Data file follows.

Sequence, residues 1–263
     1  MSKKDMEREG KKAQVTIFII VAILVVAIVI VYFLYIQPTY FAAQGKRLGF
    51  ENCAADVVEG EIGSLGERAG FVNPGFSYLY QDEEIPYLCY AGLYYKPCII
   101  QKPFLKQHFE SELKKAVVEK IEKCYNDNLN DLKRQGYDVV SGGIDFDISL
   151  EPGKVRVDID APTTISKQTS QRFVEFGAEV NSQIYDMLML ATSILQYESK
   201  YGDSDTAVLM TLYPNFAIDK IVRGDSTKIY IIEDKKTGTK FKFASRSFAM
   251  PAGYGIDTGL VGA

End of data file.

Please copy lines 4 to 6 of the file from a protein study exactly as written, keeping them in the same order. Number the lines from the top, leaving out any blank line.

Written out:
   101  QKPFLKQHFE SELKKAVVEK IEKCYNDNLN DLKRQGYDVV SGGIDFDISL
   151  EPGKVRVDID APTTISKQTS QRFVEFGAEV NSQIYDMLML ATSILQYESK
   201  YGDSDTAVLM TLYPNFAIDK IVRGDSTKIY IIEDKKTGTK FKFASRSFAM